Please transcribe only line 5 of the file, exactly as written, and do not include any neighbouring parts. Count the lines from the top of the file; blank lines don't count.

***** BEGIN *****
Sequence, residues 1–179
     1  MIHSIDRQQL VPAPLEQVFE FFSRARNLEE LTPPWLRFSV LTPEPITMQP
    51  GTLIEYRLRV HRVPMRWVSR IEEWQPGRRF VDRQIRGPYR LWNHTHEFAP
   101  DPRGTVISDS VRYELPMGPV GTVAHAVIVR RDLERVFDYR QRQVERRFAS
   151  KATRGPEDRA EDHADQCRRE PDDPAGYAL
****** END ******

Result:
   151  KATRGPEDRA EDHADQCRRE PDDPAGYAL